Page:The Green Bag (1889–1914), Volume 25.pdf/409

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384

The Green Bag

views and administering big affairs in a big way. The head of the Union Pacific Railroad, with its hundreds of millions of productive property, is a lawyer; a country lawyer at that. The presidents of all the street railroads, on, above and below the surface in New York City, are lawyers. The head of the United States Steel Corporation, the largest manufacturing and business concern in the world, is not a steel maker but a lawyer. The president of the United States Rubber Co. was formerly Attorney-General of Rhode Island. The president of the American Biscuit Co. is a lawyer. The president of the Mergenthaler Linotype Co., which makes those wonderful type-setting machines, is a lawyer, and when there was a vacancy in the presidency of the International Paper Co., which supplies a large percentage of newspapers with their paper, the same lawyer was selected. The presidents of some of the largest trust companies in New York, which guard the estates of widows and orphans, amounting in the aggregate to many millions of dollars, are lawyers. Nearly all of the great private banking houses of New York that you read so much about have one or two partners that are lawyers. If you haven't ex amined into it, you would be surprised how this list could be extended. These men do not usurp the functions of the counsel for these companies, but run and operate these corporations. I have only spoken of New York, but the same thing no doubt holds good all over the country. Now why is this so? Because the practice of the profession gives law yers a broad knowledge of men and things. It makes them quick to absorb and use the knowledge of genuine experts. It makes them recognize that there are always two sides to every question, and therefore it makes them fair and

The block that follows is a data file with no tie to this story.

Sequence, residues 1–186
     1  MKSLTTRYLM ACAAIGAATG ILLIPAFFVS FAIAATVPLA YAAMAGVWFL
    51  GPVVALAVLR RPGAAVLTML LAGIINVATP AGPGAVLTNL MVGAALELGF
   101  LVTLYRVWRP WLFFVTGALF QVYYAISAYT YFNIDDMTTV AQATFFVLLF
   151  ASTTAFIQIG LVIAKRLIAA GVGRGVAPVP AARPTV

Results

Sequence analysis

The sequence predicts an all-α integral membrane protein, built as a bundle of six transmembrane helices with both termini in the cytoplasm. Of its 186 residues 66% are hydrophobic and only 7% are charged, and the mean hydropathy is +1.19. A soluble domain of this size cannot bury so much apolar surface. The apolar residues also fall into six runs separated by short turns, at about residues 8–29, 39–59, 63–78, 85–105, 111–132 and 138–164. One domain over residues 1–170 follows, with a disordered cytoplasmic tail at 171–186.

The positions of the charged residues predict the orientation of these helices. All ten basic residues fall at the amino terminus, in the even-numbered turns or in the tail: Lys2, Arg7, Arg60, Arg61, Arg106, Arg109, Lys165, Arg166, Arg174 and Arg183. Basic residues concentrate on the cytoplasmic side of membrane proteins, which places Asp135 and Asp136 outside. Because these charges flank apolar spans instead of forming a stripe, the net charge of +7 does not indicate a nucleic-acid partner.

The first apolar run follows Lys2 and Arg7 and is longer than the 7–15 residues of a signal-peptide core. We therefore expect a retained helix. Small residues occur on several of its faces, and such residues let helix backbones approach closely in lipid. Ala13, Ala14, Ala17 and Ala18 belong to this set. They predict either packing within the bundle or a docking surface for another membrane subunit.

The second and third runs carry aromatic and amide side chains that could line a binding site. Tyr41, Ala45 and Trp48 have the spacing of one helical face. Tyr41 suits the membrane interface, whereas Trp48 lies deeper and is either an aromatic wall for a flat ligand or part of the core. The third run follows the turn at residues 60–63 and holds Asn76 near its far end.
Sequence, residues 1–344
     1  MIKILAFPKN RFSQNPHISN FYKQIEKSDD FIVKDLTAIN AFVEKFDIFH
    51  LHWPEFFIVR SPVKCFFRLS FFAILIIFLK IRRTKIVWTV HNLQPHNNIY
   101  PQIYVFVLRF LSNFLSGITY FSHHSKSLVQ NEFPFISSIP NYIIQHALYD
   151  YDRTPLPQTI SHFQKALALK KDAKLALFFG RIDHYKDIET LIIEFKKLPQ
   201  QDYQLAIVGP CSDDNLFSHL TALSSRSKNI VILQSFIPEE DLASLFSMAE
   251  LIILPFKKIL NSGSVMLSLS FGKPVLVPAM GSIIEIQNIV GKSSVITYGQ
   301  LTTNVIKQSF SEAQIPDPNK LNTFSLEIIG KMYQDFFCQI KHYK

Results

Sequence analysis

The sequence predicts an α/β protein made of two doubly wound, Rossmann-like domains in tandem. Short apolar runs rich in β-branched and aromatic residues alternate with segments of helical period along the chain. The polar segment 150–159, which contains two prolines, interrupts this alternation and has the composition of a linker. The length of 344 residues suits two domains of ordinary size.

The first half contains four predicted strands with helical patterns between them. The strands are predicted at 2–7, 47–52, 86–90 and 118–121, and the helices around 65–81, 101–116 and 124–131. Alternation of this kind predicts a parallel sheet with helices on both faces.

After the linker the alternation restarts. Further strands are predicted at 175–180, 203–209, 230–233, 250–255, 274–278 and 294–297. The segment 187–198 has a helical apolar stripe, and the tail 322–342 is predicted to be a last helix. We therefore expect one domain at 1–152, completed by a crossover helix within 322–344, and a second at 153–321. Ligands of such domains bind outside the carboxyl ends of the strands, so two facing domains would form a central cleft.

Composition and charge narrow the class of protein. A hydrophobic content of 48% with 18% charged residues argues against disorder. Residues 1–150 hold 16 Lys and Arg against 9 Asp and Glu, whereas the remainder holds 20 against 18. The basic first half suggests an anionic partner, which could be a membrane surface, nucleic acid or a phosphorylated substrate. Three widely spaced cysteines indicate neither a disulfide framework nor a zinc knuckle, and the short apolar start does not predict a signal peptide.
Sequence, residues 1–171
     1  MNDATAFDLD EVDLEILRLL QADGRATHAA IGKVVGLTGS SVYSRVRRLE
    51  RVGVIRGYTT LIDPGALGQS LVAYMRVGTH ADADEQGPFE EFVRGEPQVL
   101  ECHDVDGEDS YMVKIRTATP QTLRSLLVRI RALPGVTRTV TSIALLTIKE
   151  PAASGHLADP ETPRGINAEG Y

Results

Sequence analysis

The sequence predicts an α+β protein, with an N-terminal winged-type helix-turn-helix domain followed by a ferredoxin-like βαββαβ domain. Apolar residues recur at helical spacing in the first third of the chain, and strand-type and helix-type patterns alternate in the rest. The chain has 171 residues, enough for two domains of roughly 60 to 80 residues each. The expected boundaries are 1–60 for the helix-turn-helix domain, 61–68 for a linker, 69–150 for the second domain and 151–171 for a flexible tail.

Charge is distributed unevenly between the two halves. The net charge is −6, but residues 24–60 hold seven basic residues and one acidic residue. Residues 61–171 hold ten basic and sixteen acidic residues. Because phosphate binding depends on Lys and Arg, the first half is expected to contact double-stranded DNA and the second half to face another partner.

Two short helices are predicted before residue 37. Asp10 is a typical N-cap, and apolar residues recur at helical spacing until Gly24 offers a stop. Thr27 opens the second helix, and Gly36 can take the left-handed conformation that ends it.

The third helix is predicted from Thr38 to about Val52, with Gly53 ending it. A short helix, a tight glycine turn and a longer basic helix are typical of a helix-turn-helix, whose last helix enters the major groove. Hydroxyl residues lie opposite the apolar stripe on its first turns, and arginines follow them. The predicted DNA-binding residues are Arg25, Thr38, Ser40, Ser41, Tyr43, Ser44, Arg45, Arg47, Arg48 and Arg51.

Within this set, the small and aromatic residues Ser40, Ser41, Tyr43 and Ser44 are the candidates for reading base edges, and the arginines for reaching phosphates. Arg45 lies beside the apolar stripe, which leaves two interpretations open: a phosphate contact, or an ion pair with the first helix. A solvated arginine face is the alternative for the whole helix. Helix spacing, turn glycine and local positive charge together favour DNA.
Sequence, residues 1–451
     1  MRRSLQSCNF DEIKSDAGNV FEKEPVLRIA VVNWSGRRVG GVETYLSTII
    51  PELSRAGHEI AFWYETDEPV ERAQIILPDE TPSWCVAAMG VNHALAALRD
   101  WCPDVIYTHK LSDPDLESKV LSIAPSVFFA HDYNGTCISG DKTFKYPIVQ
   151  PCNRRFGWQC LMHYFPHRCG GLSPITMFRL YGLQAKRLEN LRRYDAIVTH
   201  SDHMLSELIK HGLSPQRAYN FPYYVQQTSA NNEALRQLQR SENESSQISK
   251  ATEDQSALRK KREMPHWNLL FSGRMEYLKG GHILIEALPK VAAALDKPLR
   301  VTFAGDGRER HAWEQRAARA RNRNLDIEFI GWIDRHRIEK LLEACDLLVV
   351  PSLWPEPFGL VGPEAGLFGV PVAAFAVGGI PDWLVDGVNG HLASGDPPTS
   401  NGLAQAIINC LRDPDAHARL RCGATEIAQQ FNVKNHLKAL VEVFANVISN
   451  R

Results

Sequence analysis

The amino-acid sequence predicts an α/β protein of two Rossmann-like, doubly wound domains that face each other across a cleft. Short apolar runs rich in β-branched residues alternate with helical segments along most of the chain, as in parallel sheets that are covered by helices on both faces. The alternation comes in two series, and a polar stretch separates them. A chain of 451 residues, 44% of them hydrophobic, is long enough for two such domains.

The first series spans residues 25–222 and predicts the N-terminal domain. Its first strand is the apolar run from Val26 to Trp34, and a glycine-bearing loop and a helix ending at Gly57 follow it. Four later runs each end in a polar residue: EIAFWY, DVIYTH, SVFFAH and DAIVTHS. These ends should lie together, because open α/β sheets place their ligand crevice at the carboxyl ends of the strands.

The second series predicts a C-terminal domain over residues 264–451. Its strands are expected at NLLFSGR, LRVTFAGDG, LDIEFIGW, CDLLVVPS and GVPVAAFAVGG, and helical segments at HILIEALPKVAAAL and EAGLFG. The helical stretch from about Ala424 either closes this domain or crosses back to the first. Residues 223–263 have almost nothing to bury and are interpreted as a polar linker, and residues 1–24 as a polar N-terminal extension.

judicial in their judgments. It makes them faithful and true to those who trust them. They are not selected to fill these positions because they have large moneyed interests in these vast concerns, — which is rarely the case, — but because those who have the moneyed interests know they can trust not only their ability, but, above all else, their honesty and fidelity. There never has been a time when so many lawyers have been called, not through political man oeuvring but on their merits, to fill so many places of enormous respon sibility. Was there ever a time when clients consulted lawyers so freely? With ab solute and abiding faith they bare their hearts and their souls to their lawyers. They consult them on legal questions, on business questions, and on family matters. Lawyers may not always be as fair to their adversaries as they should • be, but do you know of many lawyers who ever betrayed the faith and con fidence of their clients? I do not. Speaking of advice, it seems to me there never was a time when it was so hard for lawyers to give advice on some of the important legal questions of the day as it is now. Many of these ques tions are finally decided by divided courts. How can a lawyer, with safety, guess which side will have the narrow majority? Let the flamboyant orator and the sensational newspaper writer say what they will, there never was a time when lawyers, as a class, were so genuinely respected and looked up to and trusted as they are now. Coupled with the denunciation of lawyers, this country for the past few years has witnessed violent attacks on the judiciary. I am sorry to be com pelled to say that some judges of high courts have become frightened by these